Success is a curious concept. In America, being successful is typically associated with being well known or popular, being fairly assured of yourself, and being relatively nonchalant about money or, at least, the spending of money.

Recently, while doing some research, I discovered a paper that described three things that differentiate those who succeed from those who don’t.  Encouragingly, it had nothing to do with, nationality, race or religion, though certain races, religious groups and nationalities do tend to succeed far above others.  Captivatingly though, the commonality found in those who succeed versus those who don’t succeed has more to do with values, beliefs and attitudes rather than race, religion, ethnicity or country of origin.

Attractively, the most outstanding finding is that those who succeed most are those who have a belief in themselves.  In fact, they have a feeling of superiority, knowing deep inside that they are unique and have something to offer the world that nobody else has to offer.  Strikingly, with this feeling of superiority comes an obligatory duty to become extraordinary and rise above the status quo.

Secondly, and most astonishingly, successful people have a feeling of insecurity or inadequacy. This inferiority complex is a driving force that keeps them motivated.  And so, with an unpretentious determination, they focus on removing each and every obstacle associated with their insecurity and inadequacy so that they can fulfill their mission in life…providing what nobody else can possibly provide.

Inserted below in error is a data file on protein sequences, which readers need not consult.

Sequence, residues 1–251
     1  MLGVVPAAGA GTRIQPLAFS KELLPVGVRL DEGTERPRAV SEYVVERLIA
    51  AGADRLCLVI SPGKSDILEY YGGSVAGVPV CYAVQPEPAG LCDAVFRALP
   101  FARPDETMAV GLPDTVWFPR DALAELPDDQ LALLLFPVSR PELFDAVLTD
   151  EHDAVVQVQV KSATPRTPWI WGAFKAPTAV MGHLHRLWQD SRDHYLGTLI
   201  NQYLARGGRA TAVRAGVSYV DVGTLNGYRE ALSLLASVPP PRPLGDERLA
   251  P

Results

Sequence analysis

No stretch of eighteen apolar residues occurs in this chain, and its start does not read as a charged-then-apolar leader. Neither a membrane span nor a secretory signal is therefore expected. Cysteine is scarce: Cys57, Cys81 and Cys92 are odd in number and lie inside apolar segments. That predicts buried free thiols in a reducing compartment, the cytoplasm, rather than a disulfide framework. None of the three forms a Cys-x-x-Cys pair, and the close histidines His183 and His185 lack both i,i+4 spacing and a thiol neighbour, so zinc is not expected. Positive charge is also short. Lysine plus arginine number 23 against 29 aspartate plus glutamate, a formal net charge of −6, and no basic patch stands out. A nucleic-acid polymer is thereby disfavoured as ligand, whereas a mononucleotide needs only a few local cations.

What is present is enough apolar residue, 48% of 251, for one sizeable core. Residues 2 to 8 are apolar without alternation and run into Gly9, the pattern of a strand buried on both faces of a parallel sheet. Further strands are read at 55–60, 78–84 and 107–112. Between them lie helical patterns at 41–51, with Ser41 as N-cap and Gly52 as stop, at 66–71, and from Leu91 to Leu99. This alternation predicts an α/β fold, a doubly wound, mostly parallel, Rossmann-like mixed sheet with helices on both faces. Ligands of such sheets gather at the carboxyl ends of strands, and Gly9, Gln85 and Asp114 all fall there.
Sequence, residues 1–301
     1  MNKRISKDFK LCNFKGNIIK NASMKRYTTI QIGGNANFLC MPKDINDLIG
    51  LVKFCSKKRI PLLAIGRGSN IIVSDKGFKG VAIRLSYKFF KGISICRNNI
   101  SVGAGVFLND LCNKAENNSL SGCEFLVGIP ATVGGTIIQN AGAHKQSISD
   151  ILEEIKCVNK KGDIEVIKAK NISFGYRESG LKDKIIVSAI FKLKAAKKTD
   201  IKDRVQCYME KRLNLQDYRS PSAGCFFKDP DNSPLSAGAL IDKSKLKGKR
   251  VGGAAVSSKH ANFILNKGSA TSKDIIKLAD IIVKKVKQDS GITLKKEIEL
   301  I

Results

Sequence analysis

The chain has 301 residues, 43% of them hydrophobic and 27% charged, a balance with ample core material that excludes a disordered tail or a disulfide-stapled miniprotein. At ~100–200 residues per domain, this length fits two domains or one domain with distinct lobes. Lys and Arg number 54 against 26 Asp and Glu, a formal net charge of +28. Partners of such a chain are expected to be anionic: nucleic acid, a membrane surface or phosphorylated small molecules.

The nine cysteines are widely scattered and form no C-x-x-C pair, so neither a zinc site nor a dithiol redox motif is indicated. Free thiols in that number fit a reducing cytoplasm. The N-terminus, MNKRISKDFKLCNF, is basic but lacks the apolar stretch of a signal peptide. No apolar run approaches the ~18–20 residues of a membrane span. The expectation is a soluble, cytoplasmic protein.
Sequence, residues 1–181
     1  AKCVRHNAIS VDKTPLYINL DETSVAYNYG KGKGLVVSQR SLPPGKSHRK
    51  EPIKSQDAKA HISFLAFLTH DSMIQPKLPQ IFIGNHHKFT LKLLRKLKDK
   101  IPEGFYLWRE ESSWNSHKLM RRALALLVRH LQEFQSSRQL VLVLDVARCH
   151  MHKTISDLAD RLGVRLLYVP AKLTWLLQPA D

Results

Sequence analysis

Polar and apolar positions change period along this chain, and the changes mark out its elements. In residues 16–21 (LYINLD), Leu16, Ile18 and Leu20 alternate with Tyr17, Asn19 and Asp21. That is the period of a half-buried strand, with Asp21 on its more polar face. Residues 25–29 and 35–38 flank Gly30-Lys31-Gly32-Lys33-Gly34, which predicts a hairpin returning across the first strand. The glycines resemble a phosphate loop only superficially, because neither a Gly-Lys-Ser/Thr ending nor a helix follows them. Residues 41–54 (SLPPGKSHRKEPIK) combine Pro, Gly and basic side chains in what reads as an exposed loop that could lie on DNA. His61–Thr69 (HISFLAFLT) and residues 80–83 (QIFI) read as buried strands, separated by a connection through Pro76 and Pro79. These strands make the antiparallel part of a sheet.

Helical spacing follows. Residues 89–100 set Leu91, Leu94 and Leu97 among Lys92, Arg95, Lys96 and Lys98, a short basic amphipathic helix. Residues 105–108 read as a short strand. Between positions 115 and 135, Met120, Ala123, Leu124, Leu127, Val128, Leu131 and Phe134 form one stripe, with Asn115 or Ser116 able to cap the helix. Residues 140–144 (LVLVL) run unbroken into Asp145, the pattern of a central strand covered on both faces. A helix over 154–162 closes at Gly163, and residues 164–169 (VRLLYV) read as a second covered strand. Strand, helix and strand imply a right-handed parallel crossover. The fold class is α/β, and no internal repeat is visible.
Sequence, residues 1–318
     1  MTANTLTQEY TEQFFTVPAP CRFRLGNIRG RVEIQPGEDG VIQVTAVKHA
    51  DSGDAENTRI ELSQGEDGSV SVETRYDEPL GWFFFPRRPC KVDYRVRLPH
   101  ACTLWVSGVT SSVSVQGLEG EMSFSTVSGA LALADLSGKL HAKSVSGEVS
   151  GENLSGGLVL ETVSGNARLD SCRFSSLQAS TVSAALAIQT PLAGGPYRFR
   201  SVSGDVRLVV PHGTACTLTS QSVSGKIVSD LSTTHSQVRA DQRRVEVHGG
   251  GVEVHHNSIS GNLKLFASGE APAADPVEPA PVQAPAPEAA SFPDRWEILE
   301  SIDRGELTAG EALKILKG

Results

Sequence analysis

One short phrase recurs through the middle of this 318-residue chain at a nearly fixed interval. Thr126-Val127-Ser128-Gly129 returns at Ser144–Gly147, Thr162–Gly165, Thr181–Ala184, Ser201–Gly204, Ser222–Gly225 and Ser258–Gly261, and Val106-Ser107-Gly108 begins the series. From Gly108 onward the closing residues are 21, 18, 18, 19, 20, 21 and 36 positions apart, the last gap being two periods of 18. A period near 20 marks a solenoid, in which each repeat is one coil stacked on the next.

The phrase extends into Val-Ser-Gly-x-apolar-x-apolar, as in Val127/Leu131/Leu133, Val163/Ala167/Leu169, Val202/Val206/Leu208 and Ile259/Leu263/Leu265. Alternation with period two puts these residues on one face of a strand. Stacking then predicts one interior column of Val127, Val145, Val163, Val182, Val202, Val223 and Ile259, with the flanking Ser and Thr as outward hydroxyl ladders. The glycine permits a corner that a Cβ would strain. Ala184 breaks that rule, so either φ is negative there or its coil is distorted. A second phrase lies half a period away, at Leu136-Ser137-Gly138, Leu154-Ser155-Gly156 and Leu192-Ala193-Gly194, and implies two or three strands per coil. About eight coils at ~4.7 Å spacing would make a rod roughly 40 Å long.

Finally, those who enjoy the most success in life are those who trade in their impulsiveness for the more fulfilling and complete accomplishments that are resultant to practicing restraint and self-control.

This disciplined approach to life allows successful people to overcome the excessive, feel-good, here-and-now limitations that might ensnare those who are otherwise unaware.  By pulling back the curtain of materialism and exposing the real reasons we humans occupy this planet, successful people go beyond avarice and truly experience fulfillment and contentment, both of which are a huge part of success.

Interestingly enough, any one of these three values and beliefs concerning successful people could spell disaster instead of success without the balance that all three together provide.  Imagine the undisciplined, self-superior individual or snob doing anything beneficial for anybody.  Or think of the insecure, undisciplined, mousy individual who is too afraid to step outside their self-erected self-defenses to accomplish anything for themselves, let alone anybody else.  And of course, everyone knows at least one disciplinarian who is so rigid and intolerant that they attempt to rule anybody and everybody or kill themselves trying.

And therein lies the distinctiveness that marks the path to success. Extraordinariness, unpretentiousness and discipline.  It isn’t magic!  It is action.  Action that is taken based on your values, beliefs and attitudes. That is why America still affords you the opportunity to become as successful as you want to become…because success has nothing to do with being well known or popular, being self-assured, or even nonchalant about money or the spending of money.  Becoming successful is really just expressing your uniqueness and knowing you aren’t, and never will be, better than anybody else. And of course, realizing that money can never buy you love, friendship or happiness.

Here’s to your success!